During the George W. Bush-era, neo-cons leaders, such as Norman Podhoretz, called upon the US to forcibly re-educate the people of the Middle East to fall in line with the thinking of America’s leaders. Concurrently, Attorney General John Ashcroft stated that critical voices “only aid terrorists,” thus denigrating civil society organisations and critical researchers who dare to oppose his administration’s strategy.
Macron is playing the same tune. The French President’s first moves were to vilify Islam and propose to reform it. He then proceeded to shut down the Collective Against Islamophobia in France (CCIF), an NGO that tracks anti-Muslim hate crimes in France. This decision was opposed by more than 50 civil society groups and academics. In their communique, they expressed their strong support to the organisation which has been fighting racism and discrimination targeting Muslims for the last 20 years.
Similarly, the use by the highest spheres of decision-making in France, including France’s education minister, of the derogatory term ‘islamo-gauchiste’ (Islamo-leftist) is designed to silence oppositional voices. These include academics and intellectuals who call for fighting terrorism (and any crime by that matter) within the confines of the law, democratic principles, and public accountability.
This rhetorical ploy instils fear and doubts while mixing religious stereotypes and secular threats at once.
Despite Macron’s attempts at imposing this strategy internally, his moves are already backfiring on the international arena. Turkey’s President Recep Tayyip Erdogan criticised Macron’s aptitude and his drift towards fascism. Incidentally, the French President, who pretends to wage a crusade for free speech, took this reaction very badly and recalled his ambassador from Turkey in protest.
Other international reactions are building up gradually. Pakistan’s Prime Minister Imran Khan also criticised the French President. He considered that Macron’s “public statements based on ignorance would create more hate, Islamophobia and space for extremists.”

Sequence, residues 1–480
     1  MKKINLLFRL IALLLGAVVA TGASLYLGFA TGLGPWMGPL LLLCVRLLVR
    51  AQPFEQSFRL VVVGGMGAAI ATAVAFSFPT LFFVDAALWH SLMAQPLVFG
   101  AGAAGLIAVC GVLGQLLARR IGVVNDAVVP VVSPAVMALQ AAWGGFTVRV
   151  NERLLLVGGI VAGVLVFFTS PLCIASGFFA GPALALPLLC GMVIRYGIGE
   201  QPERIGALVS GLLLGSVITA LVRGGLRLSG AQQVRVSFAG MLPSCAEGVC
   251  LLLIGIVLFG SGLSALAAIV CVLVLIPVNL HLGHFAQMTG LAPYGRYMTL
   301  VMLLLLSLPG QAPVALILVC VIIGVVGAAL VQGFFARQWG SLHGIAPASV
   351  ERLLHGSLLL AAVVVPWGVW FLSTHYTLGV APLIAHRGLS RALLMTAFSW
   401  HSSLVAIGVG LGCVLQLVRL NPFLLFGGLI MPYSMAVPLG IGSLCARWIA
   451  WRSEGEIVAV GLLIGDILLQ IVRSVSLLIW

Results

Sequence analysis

In the meantime, calls for boycott are spreading across the Muslim World. Supermarkets in Kuwait, Qatar, Jordan are already emptying their shelves from French products. The French government was visibly upset by this movement. However, instead of adopting a conciliatory tone, it used arrogant verbiage and accused the boycotters of being part of a ‘radical minority’. Such a condescending behaviour will only exacerbate negative feelings against France and harm French exports in a time of global recession.
While Macron’s ill-conceived policies produced a boomerang effect internationally, many French observers are predicting that he will also fail domestically. Aurelien Tache, who is an MP from Macron’s party expressed his scepticism about this approach: “with this type of approach, we will not have succeeded in eliminating one extremism – Islamist – and we will have succeeded in reinforcing another – the extreme right”.
Furthermore, the Islamophobic discourse was already tried and tested by his predecessor Sarkozy, and it did not help him win the elections back in 2012.